Final F-Beta Score on the validation data was 0.


Predictions on the test dataset were submitted to Kaggle and had a similar F-Beta (0.

834), showing that my model generalizes well on a broad range of unseen data.

The model is slightly under-fit, which could be attributable to overly aggressive TTA or excessive regularization in the network (dropout of 0.

5 at multiple layers), or due to over-prediction of the labels on unseen data.

The over-prediction in relative instability of the F-beta metrics on the validation set.

For the validation data (of which we could track predictions vs true labels), the model predicted more than 43,000 labels for 10,000 images, of which there were only 28,000 true labels across the data.

This would likely contribute to the instability of F-Beta Scores and much higher accuracy scores.

For example, a predictions could have an accuracy of 1 if it predicts all the labels every time (as each correct label is accounted for).

But, the F-Beta score would be much lower as there would be many false positives for all the labels that aren’t actually in the image.

Comparison of True and Predicted Label frequencies after model validation.

Model predictions were also greatly impacted by the imbalanced classes.

Predictions rarely included labels that had under 1,000 initial observations in the training data (see above).

While these images likely were of low representation in the test dataset, it is still important that our model could distinguish and predict these features for real-time application of the model.

Future Steps and LimitationsLimit number of label predictions per image or per dataset: To correct the issue of over-predicting, I could limit the total number of possible labels when converting model outputs (probabilities) to better reflect the possible number of labels.

What would this look like?.First, only consider the top n probabilities.

Of those top probabilities, only accept those above the threshold value.

Test F-beta score on predictions using multiple thresholds: Another fix could be to more aggressively find appropriate thresholds for individual categories.

Successfully implementing k-fold cross validation and training k models would allow for k searches for optimum thresholds.

Bootstrapping to Balance Label Classes: I would also bootstrap (create “replicate” samples of infrequent labels) by target images with low sampled labels, augmenting those images and adding the augmented copies back into the dataset.

This would likely improved training regardless of initial frequency of labels in the dataset.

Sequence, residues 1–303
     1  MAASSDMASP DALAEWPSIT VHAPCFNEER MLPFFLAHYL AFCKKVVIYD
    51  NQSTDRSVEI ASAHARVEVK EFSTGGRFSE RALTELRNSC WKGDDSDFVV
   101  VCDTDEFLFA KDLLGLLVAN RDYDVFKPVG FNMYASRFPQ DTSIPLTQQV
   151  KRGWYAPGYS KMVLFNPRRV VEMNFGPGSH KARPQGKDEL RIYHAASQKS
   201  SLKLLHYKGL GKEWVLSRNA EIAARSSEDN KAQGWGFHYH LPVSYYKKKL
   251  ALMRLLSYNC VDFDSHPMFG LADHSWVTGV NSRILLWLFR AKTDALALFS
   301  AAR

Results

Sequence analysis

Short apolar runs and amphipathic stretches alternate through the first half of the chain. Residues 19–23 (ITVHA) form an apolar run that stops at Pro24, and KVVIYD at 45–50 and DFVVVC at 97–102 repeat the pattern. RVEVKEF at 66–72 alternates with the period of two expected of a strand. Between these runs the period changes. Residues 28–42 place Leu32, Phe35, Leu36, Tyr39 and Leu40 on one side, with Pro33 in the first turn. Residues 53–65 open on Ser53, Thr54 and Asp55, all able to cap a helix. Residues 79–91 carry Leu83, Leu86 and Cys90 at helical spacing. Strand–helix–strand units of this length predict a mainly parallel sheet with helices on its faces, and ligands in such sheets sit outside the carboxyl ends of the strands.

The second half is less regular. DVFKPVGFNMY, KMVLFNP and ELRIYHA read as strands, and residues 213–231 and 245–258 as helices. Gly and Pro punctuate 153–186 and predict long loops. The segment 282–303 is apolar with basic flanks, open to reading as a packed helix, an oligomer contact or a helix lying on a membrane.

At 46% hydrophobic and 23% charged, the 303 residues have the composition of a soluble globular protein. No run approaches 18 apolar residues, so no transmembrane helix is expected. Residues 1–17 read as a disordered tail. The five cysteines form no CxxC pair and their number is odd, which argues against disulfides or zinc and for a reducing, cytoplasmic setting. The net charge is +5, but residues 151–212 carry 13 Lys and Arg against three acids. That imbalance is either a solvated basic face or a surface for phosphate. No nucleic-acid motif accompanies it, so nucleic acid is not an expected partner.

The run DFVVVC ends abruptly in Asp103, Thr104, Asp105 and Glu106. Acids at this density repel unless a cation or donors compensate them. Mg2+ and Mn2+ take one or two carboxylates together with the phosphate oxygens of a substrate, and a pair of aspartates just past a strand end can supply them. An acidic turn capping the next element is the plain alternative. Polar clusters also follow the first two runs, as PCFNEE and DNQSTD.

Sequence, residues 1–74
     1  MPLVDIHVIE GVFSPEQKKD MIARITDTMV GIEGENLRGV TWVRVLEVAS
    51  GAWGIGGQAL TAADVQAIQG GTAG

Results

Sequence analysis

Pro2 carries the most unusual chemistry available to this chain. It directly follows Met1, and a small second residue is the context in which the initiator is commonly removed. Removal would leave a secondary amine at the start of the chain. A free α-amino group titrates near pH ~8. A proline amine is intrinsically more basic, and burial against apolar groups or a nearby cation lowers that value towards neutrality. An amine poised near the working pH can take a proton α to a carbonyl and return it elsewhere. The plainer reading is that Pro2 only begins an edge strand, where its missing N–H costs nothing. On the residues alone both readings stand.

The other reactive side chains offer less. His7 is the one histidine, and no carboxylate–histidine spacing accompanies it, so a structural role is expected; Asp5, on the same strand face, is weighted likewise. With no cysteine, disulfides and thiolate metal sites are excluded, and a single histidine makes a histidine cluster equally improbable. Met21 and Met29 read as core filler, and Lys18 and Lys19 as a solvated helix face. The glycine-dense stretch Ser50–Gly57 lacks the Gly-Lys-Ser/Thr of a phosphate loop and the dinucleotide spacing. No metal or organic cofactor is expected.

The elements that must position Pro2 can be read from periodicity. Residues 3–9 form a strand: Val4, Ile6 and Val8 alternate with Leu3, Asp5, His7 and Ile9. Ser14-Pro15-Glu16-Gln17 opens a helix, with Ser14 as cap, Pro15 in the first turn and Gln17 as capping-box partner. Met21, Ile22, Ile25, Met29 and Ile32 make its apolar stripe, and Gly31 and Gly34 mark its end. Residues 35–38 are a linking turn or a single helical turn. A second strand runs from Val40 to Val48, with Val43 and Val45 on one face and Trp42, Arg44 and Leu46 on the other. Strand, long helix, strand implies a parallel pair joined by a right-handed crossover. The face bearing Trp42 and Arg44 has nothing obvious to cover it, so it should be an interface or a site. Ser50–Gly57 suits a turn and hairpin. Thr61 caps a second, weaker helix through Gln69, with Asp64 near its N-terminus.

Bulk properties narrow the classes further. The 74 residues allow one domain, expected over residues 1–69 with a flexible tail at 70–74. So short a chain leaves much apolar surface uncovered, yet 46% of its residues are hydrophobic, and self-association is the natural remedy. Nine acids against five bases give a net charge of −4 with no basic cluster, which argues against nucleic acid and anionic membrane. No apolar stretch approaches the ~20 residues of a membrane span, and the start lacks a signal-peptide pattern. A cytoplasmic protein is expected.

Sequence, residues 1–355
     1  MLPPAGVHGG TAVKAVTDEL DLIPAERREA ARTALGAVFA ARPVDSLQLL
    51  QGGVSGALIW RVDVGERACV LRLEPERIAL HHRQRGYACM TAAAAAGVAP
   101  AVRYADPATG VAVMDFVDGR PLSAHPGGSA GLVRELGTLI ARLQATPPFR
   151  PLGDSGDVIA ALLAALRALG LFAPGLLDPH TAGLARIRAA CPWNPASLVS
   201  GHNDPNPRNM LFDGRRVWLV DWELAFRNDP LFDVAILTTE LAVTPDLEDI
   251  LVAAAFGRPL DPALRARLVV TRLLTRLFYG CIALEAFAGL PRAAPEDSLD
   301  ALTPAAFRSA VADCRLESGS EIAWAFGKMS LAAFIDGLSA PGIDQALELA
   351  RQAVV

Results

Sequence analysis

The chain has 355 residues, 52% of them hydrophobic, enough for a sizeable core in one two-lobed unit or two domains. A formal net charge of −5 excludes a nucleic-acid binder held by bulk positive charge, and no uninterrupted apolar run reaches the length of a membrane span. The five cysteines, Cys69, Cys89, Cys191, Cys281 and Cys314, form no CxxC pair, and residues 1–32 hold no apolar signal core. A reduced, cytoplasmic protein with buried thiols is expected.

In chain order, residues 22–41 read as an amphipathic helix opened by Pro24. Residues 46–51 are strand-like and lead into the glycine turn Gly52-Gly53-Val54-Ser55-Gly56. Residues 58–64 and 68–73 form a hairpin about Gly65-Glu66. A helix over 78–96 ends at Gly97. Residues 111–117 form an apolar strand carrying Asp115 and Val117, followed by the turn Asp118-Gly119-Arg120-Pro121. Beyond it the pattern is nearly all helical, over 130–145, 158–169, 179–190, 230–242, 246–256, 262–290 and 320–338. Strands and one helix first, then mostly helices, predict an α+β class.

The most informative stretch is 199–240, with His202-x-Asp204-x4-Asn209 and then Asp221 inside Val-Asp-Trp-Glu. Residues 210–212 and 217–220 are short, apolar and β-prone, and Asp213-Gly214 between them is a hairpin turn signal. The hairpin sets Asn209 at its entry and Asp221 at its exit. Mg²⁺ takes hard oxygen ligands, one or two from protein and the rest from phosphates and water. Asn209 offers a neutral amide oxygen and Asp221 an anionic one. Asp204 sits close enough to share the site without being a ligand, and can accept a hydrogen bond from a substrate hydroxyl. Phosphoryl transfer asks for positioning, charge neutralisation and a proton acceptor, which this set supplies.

Invest in powerful computing resources: The main limitation in my project was RAM.

While having access to a remote GPU was vital to reduce training times, I ran into considerable hurdles throughout the project with overloading the RAM (despite the measures I took to reduce batch size).

These memory challenges, along with out-of-pocket cost of using cloud-based servers, also made it difficult to experiment with deeper neural networks (I was especially excited about the potential of using ResNet 50 with “ImageNet” weights).

Experiment with Model Ensembles: I learned through research in Kaggle Discussions of the value of ensembling for neural networks.

On a basic level, multiple CNNs could be trained and would likely make better predictions on certain labels in the dataset.

The predictions from each neural network could then be combined, and, for each output (possible label), a linear regression model would be used to predict the “true value” of the label for each image.

The different CNN predictions would be features to predict the target value (either 1 or 0, presence or absence).

These new values would still be subject to the same thresholds used to finally land upon presence or absence of a label in each image.

Consider Model Effectiveness and Resource Use: The most effective modeling technique possbile would, essentially, require unlimited resources.

While a complex, multi-model ensembling approach might yield the best predicting power, stakeholders must consider the cost (money and time) required to construct such an immense modeling system, as well as the reduced speed of classification if the models are to be used in real time.

This is an ongoing, case by case trade-off, but one that must be considered in the context of deep learning.

Thanks for reading!.Feel free to check out my full project repository on my GitHub profile.